This system using a major group of a society as a ritual degraded scapegoat has a parallel reference in the use made of the Jews by the Nazis. It is different of course in context and intensity. I’m not saying that there are industrialised death camps in Iran. The points of similarity are in structured legally based and policed segregation. The similarity to which I point is located in the creation of apparatus of subjugation for some social groups. Twisted and distorted power systems can stabilise through demonisation processes. In Iran women are not quite seen as demons; but in their sexuality their emotional volatility their uncleanliness, they are seen always as potentially demonic entities. Women are projected threats to the pureness of the Male: Jews projected threat to the purity of the Aryan. The system at a stroke creates a self fulfilling psychic sense of superiority for the ‘pure group’ which has at the same time a given a stake in the social mechanism of vicious violent repression. This is what we see in the Circle.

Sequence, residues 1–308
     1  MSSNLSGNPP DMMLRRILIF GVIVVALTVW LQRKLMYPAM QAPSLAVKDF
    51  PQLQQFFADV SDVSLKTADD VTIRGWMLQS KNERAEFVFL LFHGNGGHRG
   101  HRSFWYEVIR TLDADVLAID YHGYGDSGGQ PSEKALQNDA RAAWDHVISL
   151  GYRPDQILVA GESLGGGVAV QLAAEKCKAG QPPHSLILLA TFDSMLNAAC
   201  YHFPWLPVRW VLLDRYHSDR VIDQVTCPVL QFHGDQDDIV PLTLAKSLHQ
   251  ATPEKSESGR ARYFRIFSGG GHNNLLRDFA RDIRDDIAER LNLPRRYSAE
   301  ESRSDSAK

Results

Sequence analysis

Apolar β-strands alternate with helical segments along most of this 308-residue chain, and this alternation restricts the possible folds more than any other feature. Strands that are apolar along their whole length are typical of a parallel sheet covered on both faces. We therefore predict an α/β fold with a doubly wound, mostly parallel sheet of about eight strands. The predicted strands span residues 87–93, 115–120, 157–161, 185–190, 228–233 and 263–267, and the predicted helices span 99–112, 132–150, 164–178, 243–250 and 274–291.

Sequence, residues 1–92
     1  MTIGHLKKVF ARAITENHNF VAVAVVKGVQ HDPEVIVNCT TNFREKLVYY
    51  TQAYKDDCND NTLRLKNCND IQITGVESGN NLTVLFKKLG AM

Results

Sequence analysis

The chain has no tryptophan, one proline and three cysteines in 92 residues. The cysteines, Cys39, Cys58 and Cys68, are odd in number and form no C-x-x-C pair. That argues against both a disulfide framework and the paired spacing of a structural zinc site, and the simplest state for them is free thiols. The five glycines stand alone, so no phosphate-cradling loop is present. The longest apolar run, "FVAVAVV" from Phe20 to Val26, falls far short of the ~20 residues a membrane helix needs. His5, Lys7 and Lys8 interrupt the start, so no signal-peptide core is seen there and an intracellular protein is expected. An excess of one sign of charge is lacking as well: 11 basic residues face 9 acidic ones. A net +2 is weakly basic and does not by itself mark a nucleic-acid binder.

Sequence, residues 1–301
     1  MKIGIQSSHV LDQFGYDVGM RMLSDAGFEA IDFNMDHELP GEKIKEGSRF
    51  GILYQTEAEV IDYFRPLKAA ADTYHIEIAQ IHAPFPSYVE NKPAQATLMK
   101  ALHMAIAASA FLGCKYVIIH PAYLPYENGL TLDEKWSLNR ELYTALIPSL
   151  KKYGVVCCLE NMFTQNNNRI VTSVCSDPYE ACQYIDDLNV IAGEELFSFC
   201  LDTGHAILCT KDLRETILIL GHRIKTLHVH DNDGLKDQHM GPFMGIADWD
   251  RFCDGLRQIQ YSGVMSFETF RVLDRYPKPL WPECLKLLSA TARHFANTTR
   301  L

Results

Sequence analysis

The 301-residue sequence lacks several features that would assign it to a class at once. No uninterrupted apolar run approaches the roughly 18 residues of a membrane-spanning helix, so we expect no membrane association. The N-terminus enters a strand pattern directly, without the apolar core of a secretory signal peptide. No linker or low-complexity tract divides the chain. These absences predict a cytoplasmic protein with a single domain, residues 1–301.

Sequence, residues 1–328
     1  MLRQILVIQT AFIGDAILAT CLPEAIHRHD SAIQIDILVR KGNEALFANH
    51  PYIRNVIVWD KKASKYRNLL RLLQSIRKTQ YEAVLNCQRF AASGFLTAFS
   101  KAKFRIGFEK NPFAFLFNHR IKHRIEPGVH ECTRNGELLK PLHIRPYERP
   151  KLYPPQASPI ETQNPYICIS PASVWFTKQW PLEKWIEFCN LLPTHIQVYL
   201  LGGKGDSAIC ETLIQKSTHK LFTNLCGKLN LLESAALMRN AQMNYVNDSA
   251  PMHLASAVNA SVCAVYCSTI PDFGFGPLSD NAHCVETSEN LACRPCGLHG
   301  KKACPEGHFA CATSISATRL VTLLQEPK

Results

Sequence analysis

With the Circle JP does not pull his punches; he makes no concessions in this respect to the sensibilities of Mahout Ahmedinejad and his psychotic cronies because there is no point: any more than there was any point to pander to sensibilities of Hitler and his henchmen. JP sends a message without compromise: Circle is an indictment of a political system and the cowardly forces mainly male, that sustain it. The system is rotten and criminal. As in Nazi Germany and other totalitarian regimes Iran operates, in particular by rewarding psychotic violent types of individuals with them secure and profitable employment as part of the apparatus whose purpose is the subjugation a particular social group. And in general Men are rewarded by giving them hegemony over women, giving them a sense of their right to an unalienable superiority.